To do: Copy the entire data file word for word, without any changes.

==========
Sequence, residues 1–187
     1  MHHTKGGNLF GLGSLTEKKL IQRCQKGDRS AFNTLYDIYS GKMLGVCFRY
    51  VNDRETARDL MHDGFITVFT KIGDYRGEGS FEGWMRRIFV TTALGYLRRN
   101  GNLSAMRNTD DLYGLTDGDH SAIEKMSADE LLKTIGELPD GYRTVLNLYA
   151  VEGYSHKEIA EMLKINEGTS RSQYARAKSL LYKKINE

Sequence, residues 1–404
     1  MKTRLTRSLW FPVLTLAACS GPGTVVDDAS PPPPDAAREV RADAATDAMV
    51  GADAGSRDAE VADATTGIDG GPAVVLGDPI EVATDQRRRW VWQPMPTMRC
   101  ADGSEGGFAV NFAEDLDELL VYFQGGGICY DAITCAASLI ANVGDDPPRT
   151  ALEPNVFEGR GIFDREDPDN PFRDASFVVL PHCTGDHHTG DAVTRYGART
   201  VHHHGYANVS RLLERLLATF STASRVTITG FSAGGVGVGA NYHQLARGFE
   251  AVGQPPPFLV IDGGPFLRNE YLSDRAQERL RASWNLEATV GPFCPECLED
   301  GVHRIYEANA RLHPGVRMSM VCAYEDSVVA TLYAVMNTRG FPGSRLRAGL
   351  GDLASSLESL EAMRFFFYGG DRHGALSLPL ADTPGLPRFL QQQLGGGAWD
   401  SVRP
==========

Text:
Sequence, residues 1–187
     1  MHHTKGGNLF GLGSLTEKKL IQRCQKGDRS AFNTLYDIYS GKMLGVCFRY
    51  VNDRETARDL MHDGFITVFT KIGDYRGEGS FEGWMRRIFV TTALGYLRRN
   101  GNLSAMRNTD DLYGLTDGDH SAIEKMSADE LLKTIGELPD GYRTVLNLYA
   151  VEGYSHKEIA EMLKINEGTS RSQYARAKSL LYKKINE

Sequence, residues 1–404
     1  MKTRLTRSLW FPVLTLAACS GPGTVVDDAS PPPPDAAREV RADAATDAMV
    51  GADAGSRDAE VADATTGIDG GPAVVLGDPI EVATDQRRRW VWQPMPTMRC
   101  ADGSEGGFAV NFAEDLDELL VYFQGGGICY DAITCAASLI ANVGDDPPRT
   151  ALEPNVFEGR GIFDREDPDN PFRDASFVVL PHCTGDHHTG DAVTRYGART
   201  VHHHGYANVS RLLERLLATF STASRVTITG FSAGGVGVGA NYHQLARGFE
   251  AVGQPPPFLV IDGGPFLRNE YLSDRAQERL RASWNLEATV GPFCPECLED
   301  GVHRIYEANA RLHPGVRMSM VCAYEDSVVA TLYAVMNTRG FPGSRLRAGL
   351  GDLASSLESL EAMRFFFYGG DRHGALSLPL ADTPGLPRFL QQQLGGGAWD
   401  SVRP